The birth and death of proteins in a single cell

(Nanowerk News) The amount of proteins inside cells fluctuate over time and this affects various functions of the cells themselves. Cells are constantly synthesizing and degrading proteins, and studies have shown that this "see-saw" actually impacts the function of the cell itself.
When it comes to stem cells, the constant variation of transcription factors (proteins that regulate the expression of genes) has important consequences on their ability to differentiate into mature cells. But what we don't know is how protein synthesis and degradation work together to regulate these fluctuations is not known.
The lab of David Suter at EPFL, in collaboration with the team of Félix Naef has now developed a new method that can distinguish changes in protein synthesis from changes in protein degradation in single living cells.
Embryonic Stem Cells Expressing a Fluorescent Timer
Embryonic stem cells expressing a fluorescent timer fused to the endogenous LaminB1 protein, which coats the nuclear envelope. (Image: Andrea Alber)
The method, published in Molecular Cell ("Single Live Cell Monitoring of Protein Turnover Reveals Intercellular Variability and Cell-Cycle Dependence of Degradation Rates"), uses a fluorescent timer combined with pulse-chase fluorescent labelling, which is a technique that can track a cellular process occurring over time.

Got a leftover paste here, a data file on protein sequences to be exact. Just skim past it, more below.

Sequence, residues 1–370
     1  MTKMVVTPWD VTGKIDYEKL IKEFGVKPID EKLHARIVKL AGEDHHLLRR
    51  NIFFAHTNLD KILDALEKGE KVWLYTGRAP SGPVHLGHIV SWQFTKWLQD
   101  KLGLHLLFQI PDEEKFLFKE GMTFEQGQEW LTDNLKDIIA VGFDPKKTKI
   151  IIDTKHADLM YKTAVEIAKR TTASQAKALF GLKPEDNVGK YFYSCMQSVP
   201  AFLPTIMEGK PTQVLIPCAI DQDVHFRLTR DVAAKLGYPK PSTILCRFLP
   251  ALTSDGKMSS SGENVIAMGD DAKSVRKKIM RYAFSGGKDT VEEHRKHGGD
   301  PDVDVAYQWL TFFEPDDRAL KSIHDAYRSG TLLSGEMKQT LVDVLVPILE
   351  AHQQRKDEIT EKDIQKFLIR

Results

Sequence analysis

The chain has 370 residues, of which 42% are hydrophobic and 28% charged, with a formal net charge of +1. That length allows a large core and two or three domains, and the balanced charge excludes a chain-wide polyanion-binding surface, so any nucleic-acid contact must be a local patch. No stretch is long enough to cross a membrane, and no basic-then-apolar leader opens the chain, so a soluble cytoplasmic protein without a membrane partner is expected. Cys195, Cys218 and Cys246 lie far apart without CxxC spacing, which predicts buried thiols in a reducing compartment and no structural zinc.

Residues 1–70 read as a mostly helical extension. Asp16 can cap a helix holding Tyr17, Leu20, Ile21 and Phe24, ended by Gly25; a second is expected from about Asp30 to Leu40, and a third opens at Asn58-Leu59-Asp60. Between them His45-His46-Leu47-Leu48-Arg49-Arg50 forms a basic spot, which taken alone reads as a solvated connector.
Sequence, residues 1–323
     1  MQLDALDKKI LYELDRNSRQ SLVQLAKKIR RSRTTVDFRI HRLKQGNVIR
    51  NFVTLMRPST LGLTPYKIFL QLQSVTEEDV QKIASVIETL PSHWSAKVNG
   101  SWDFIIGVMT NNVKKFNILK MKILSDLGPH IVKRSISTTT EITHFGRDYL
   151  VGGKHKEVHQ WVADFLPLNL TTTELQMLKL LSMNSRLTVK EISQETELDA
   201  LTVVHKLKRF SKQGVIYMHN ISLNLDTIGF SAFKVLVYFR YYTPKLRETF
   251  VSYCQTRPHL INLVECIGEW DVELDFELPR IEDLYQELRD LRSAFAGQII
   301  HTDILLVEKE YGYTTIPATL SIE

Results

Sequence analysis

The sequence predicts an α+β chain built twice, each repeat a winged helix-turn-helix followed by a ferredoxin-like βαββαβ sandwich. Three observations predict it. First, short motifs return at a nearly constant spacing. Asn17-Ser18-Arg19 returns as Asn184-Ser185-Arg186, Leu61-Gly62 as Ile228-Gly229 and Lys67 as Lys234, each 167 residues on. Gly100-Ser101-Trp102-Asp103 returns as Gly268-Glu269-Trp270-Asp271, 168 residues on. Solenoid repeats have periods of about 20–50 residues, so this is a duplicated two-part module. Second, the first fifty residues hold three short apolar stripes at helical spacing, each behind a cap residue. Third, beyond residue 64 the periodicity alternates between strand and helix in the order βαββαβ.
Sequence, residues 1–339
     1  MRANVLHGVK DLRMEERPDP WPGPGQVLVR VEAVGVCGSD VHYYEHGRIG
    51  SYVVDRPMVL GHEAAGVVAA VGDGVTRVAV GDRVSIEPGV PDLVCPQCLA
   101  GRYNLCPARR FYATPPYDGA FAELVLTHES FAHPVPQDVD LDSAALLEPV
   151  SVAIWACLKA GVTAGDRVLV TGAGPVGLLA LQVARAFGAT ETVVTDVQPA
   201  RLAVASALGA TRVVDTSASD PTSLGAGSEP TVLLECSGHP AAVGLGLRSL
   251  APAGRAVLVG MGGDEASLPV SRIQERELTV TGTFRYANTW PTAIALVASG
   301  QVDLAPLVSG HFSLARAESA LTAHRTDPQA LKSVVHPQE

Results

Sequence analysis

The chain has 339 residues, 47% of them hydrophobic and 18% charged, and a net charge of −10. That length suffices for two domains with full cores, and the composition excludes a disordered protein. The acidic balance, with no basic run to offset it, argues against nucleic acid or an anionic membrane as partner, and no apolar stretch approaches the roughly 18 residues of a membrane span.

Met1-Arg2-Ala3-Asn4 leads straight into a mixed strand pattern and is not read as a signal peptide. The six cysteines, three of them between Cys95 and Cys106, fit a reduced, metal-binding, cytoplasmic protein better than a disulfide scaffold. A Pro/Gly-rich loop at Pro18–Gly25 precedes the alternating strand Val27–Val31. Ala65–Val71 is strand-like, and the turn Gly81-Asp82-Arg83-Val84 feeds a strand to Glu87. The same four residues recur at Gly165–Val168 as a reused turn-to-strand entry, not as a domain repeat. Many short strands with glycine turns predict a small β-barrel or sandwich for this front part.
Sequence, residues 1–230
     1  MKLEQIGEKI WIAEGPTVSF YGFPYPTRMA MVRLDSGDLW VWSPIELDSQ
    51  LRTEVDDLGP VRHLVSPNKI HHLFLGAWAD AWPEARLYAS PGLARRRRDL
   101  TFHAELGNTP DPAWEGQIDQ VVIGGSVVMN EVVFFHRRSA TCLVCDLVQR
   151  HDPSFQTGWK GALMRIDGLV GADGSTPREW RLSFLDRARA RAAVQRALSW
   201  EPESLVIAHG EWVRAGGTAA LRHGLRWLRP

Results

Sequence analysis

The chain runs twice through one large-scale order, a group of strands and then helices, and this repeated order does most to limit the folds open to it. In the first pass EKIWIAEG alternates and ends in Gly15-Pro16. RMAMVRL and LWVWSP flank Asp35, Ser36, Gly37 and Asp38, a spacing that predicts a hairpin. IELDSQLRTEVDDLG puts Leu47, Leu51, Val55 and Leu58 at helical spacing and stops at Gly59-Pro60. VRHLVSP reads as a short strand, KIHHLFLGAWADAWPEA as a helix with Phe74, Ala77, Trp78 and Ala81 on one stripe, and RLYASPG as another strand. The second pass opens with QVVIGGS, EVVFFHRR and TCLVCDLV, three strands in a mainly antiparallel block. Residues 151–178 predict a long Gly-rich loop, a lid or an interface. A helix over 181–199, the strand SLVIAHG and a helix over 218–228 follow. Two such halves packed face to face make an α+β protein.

Using their new method, the scientists made two discoveries. First, that protein synthesis and degradation rates change significantly during the cell cycle, with almost half of them stopping to be degraded during mitosis.
The second discovery was that protein degradation rates differ largely between individual cells. This variability affects all proteins to a similar extent, suggesting fluctuations in the activity of proteasomes - the protein complexes that degrade unneeded or damaged proteins. Remarkably, these differences are offset by corresponding changes in protein synthesis rates, thereby allowing to minimize variability in protein expression levels between cells.
"Think of it as two factories," explains David Suter. "Factory A makes a lot of bad quality product X, meaning they are quickly out of order. Factory B makes less of high-quality product Y, which works for a longer period of time."
Source: Ecole Polytechnique Fédérale de Lausanne
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